Myself, Andrew, Tony, Gill, Lisa, Charlotte and Jackie zigged and zagged our way up the atmospheric coire towards An t-Sron, crossing and re-crossing the burn on the excellent path, until we got to the snow covering the steep scree leading to the col. It was here that we got out our ice axes and had a quick refresher on self-belay, the technique of stopping a slip becoming a fall with the axe. It was then a matter of 'follow-my-leader' as I kicked steps up the snow onto the col, 'encouraged' by Lisa as my steps became less textbook as my legs tired!
On the ridge, we were treated to the expanding views towards Loch Linnhe and Beinn a'Bheithir as the cloud swirled. We followed our nose towards Stob Coire nam Beith, avoiding the cornices which still lie in abundance, and then finally onto the fine summit of Bidean nam Bian. There was little evidence of anyone else, until the cloud lifted a little and we saw a large group on Stob Coire nan Lochan, so we lingered as long as the cold allowed.
As we descended towards the head of the Lost Valley, the clouds lifted properly, and we had the excellent vistas for which this mountain is rightly famous, from Ben Cruachan over Glen Etive, around over the Blackmount, as far as Shiehallion, the Mamores, Lochaber and of course the Aonach Eagach. What we could also see was the extensive amount of snow on our intended descent route, and when we arrived at the top, it was clear that despite it being a Bank Holiday and late May, not a soul had attempted that route at all. The snow is many feet deep, and very steep. There was one set of daring footprints higher up on the crags, that we could only surmise was a climber with crampons and a good head for heights. So the decision was made, Plan B.
Plan B was a descent of Beinn Fhada, (despite the fact that Walkhighlands says 'Note that the Beinn Fhada ridge is not recommended for hillwalkers as a descent route from Stob Coire Sgreamhach'). Our alternative was to retrace our steps back to Bidean and then down and over Stob Coire nan Lochan, and we also knew that there is actually a 'walker's' way down the ridge...well John Walker's way!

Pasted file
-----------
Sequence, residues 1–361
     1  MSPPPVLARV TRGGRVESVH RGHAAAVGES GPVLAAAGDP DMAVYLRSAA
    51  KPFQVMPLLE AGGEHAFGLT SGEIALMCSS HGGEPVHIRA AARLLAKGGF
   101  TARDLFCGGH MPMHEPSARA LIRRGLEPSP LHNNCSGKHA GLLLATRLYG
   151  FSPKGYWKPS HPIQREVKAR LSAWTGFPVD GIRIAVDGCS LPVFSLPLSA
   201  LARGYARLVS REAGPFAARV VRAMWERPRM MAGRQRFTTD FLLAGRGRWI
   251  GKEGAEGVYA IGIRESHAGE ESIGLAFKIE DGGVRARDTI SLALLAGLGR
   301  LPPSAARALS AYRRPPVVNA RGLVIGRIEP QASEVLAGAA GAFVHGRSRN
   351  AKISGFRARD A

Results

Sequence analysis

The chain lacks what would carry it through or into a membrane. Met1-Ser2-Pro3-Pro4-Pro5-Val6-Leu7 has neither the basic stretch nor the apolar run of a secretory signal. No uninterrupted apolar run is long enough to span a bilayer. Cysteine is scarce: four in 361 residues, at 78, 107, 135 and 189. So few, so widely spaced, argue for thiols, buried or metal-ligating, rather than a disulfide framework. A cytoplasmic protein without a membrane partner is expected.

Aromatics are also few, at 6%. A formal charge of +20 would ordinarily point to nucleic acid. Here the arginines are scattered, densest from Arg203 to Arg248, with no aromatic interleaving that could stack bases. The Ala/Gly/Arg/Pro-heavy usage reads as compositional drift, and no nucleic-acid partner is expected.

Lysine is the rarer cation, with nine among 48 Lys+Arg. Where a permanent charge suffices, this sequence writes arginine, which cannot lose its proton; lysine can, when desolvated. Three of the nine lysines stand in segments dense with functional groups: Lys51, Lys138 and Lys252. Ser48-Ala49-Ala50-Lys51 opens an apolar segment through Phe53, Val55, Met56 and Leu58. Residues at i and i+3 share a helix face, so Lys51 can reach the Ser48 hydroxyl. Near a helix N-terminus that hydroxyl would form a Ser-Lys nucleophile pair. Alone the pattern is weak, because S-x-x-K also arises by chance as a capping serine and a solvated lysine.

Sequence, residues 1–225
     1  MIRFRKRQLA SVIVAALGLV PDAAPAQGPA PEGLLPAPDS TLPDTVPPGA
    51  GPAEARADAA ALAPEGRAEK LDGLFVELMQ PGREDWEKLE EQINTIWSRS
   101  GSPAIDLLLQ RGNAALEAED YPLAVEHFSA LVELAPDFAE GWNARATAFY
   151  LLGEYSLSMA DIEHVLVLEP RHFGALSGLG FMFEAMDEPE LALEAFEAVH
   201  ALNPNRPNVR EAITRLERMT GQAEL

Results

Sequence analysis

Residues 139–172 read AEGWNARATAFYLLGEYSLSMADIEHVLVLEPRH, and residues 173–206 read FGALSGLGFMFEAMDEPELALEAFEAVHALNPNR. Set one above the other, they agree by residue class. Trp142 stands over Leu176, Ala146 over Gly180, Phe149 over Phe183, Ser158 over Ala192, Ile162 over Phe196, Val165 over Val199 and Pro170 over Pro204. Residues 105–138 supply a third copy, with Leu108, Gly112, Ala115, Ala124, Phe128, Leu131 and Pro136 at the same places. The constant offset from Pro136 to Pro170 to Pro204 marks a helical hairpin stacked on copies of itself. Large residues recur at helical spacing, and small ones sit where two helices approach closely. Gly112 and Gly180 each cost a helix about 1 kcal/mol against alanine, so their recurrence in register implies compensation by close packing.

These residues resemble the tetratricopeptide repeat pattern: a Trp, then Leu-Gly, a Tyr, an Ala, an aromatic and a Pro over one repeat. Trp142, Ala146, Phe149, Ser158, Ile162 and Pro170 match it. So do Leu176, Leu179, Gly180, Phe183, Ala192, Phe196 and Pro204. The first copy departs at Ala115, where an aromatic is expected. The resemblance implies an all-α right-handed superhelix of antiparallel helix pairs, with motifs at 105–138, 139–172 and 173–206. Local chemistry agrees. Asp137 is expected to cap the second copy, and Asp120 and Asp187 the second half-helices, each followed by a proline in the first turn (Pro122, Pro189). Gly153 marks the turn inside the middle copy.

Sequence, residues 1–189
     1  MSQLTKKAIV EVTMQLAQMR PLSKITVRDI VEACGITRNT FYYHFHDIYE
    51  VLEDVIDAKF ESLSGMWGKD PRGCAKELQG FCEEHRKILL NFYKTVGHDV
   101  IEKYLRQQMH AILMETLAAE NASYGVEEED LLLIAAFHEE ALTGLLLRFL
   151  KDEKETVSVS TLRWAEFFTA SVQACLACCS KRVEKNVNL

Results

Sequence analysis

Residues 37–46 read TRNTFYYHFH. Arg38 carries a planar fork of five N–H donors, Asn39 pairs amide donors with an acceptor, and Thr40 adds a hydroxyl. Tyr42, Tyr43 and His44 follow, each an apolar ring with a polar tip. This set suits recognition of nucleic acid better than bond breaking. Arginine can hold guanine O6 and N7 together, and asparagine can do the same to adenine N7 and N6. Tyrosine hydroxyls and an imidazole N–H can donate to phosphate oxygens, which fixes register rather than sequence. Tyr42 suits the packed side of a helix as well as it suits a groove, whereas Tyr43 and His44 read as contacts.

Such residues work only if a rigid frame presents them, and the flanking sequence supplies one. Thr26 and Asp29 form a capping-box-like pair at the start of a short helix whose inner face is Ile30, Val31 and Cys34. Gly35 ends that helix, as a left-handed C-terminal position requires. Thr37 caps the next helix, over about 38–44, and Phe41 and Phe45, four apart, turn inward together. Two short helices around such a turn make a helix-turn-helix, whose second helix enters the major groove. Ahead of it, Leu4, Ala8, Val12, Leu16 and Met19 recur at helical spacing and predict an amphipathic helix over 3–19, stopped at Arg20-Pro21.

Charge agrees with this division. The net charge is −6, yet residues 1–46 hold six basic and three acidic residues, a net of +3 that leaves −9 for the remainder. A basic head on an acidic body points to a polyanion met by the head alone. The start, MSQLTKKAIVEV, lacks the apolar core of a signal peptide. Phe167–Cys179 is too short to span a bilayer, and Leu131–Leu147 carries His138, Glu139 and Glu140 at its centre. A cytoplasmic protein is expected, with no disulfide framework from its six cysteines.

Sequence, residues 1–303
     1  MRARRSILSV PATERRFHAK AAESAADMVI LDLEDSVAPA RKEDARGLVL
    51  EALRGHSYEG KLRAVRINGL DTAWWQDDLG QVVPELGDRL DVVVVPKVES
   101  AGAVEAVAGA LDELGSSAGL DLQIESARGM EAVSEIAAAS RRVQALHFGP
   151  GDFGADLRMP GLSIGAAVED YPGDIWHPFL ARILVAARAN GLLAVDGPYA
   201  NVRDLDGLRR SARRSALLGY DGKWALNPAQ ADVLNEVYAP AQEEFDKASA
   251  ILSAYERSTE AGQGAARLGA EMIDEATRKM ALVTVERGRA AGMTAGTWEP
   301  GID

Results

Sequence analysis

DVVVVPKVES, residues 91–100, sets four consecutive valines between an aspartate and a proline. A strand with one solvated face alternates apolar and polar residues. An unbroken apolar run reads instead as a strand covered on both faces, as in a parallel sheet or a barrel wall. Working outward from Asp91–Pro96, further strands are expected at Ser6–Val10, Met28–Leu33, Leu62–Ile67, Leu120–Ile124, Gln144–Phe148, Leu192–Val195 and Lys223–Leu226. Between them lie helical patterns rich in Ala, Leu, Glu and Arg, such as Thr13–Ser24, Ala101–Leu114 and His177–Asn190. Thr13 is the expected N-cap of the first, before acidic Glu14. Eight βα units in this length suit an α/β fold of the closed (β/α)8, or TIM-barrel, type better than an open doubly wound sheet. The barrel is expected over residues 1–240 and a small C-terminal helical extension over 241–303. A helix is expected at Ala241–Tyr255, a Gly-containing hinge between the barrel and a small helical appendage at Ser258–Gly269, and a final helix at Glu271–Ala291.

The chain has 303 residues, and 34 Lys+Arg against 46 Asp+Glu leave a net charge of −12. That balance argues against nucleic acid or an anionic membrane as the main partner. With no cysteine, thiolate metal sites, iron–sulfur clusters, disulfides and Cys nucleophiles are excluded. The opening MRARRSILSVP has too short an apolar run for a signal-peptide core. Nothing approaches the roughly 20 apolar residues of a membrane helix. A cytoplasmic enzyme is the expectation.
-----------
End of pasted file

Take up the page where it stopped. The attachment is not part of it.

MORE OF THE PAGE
The descent NE is just a narrow loose path initially, only made tricky today by the pesky snow, which we had to negotiate carefully once or twice until we got to the 'bad step'. This is in fact just like a giant rocky staircase, which looks improbable once you are down, but is on lovely sound rock, and never technical. The group had a ball, and we whooped our way over the next few undulations in the ridge, enjoying the late afternoon sun. The SMC book tells you to go West into the Lost Valley, 'with care, down the steep slope left of the deep gully'. I have never fancied that, so go East into the Lairig Eilde down a mix of easy scree, grassy terraces and sound rock. Much more pleasant.
It was then simply a matter of a walk along the path to the road East of The Study. On the way, Jackie realised the length of the walk back down the glen on General Wade's road, and she sped off ahead to accost a gentleman walker who was just preparing to drive off. With the pleading eyes of a lady in distress, she acquired a lift back to the cars, and we all got to travel the glen in style. Excellent work Jackie!
A splendid day out, the weather played ball, and although the snow added some frisson as well as a route alteration, it also added atmosphere and beauty to the pictures. Can't wait for summer though...